Signs of ADHD From Before I Was 12

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At some point in your ADHD journey, you’ll need to consider the subject of this post. It’s an important topic, and one your doctor or psychiatrist will likely ask you about if you’re seeking an ADHD diagnosis as an adult.

Why is this so?

ADHD doesn’t come out of nowhere. Yes, the symptoms can be masked and/or may not have a significant impact early in life. Especially those ADHDers with the inattentive sub-type like me can often go undiagnosed until we hit “the wall.” This could happen in middle or high school, college, or that first high-expectations job. But that wall will eventually present itself and you’ll realize something is wrong.

For me the wall came in college, when I nearly flunked out my first semester. That’s an easy enough thing to point to and looking back, the struggles I had were clearly due to undiagnosed ADHD. But as I mentioned, ADHD doesn’t just suddenly appear late in life. So as you examine your life before age 12, you should be able to identify symptoms of ADHD, even if they didn’t necessarily impede you from obtaining early success in school.

Possible indicators of ADHD from before I was 12

  • I was terrible at keeping up with homework
  • I was a heavy procrastinator
  • I would struggle with large projects, being indecisive about how exactly I wanted them to be done; initially wanting perfection, but often settling for whatever I half-assed at the last minute
  • I was drawn to screens. Typically video games or cartoons. Saturday mornings I would get up by myself (even though I had three siblings) and I would watch cartoons starting at 6:30am until about 11am (when programming switched to daytime TV). When I realized there was a cartoon at 6, I got up earlier. And then 5:30am. I had to get as much as I could.
  • I was prone to addictive behaviors with my fixations, which at various ages included Dinosaurs (ages 3-5), school, reading, video games (original Nintendo!), Cub Scouts, Teenage Mutant Ninja Turtles, Cartoons, Legos, baseball – both playing and collecting cards, and food – especially sweets.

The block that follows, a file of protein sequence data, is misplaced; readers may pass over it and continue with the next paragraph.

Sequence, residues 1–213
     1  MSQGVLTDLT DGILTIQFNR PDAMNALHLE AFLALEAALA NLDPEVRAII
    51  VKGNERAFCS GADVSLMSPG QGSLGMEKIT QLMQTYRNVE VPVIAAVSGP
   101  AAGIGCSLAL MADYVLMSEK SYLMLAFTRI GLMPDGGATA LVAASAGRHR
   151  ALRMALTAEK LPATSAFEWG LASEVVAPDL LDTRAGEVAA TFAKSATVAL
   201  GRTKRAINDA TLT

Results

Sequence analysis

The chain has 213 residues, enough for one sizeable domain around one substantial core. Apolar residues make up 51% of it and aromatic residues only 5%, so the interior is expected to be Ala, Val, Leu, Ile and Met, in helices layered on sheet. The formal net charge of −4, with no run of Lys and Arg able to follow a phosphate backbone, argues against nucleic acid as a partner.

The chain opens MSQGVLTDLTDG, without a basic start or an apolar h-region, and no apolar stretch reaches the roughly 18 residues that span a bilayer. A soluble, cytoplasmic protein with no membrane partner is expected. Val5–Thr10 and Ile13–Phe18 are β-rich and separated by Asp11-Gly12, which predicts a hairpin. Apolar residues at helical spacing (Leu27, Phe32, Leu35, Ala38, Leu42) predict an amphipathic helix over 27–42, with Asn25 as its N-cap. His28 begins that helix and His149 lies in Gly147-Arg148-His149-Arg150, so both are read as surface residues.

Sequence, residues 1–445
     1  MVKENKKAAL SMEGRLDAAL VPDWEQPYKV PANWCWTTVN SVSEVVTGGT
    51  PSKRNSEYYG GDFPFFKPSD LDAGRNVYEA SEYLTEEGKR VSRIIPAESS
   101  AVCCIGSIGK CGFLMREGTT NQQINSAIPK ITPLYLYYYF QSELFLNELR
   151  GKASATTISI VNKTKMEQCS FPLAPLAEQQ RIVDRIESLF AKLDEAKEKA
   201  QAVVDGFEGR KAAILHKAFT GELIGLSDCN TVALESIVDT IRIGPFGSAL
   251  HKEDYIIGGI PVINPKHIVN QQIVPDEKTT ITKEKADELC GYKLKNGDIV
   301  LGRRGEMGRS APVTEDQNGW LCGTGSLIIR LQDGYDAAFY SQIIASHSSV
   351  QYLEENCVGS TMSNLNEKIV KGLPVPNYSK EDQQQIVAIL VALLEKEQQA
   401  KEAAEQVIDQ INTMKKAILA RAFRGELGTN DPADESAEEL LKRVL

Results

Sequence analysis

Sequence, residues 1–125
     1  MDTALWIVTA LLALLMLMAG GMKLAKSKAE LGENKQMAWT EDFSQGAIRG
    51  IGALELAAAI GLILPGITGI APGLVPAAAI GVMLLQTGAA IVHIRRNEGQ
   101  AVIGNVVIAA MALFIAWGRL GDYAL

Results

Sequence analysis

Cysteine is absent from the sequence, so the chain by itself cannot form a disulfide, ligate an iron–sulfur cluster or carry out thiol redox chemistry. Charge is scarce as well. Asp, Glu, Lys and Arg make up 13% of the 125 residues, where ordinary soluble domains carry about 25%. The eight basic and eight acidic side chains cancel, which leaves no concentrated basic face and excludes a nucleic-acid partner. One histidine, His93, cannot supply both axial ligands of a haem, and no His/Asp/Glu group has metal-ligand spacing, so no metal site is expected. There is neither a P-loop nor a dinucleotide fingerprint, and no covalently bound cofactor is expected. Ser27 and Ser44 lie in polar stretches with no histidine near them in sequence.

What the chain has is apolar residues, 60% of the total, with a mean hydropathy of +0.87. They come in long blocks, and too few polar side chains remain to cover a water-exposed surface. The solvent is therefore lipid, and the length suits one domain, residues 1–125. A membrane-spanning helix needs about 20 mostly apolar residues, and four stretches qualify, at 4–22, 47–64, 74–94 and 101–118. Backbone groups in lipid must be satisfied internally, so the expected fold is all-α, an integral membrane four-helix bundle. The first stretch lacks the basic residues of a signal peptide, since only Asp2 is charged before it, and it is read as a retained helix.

• Low impulse control overcame personal values. I would often lie in order to cover up school problems and I frequently stole items related to my fixations.
  • My room was typically a messy disaster
  • I struggled regulating emotions, and when I got angry I would slam my bedroom door and throw my belongings around my room
  • I was asked by peers about my showering habits (in 3rd and even 7th grade)
  • I had private violin lessons for years but only practiced independently a handful of times
  • I had very few friends
  • When given the opportunity I would play video games for hours. One day in the summer I played the original Legend of Zelda from breakfast until dinner, not realizing that I’d developed a painful blister on my thumb from doing it.
  • I was very sensitive to social rejection and would often cry because of it
  • I preferred my fixations to my peers, at times even reading on the playground rather than engaging with others

When you look at that list it can seem like a lot of negative. There were a lot of great things about my childhood – they’re just not the focus of this post. When I went looking for ADHD in my early life, that’s what I found. In an earlier post, I discussed why I didn’t get diagnosed when I was younger. That one covers the other side of things – the behaviors that helped cover up these symptoms.

In fact, when I first shared my ADHD with my dad and a couple of my siblings they were surprised to hear about it. Because as extensive as this list seems, and as much impact as ADHD actually had on me, it was covered up by early success in school and a lot of little lies at home.

So is everything on that list exclusive to ADHD? No. You can lie, steal, throw tantrums and love cartoons and video games and not have ADHD. But when all of this evidence is taken in the context of my life since then, as well as the continued struggles that emerged from these early indicators, it’s clear that they fit the pattern of ADHD and help to complete the puzzle that is my life.

Examining your childhood for ADHD

As you consider your life before you were 12 looking for signs of ADHD, some helpful questions might be these:

  • Did you have any fixations that lasted for months or years, where that was all you wanted to do or learn about or talk about?
  • Did you struggle with organization and planning at home and/or school?
  • Did you have low impulse control, possibly giving in to lying or sneaking and stealing to get what you wanted right away?
  • Did your bedroom look like a tornado went through it, even if you cleaned it earlier in the day?
  • Did you struggle with regulating emotions – where you were often overcome by anger, sadness, or even happiness to where you weren’t in control?
  • Did you have trouble keeping up with mundane tasks like homework, chores, and self-care?
  • Did you feel socially isolated?

Though this list is neither diagnostic nor exhaustive, I found some of these questions helpful in guiding me through the process. I hope they will also help you as you work to connect the dots between being an adult with ADHD and discovering the child you were with ADHD.

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Author: Jamie

At 37 I went to therapy and after two hours she asked if anyone had ever talked to me about ADHD. Surprise! I'm @ADHDsurprise on Twitter.

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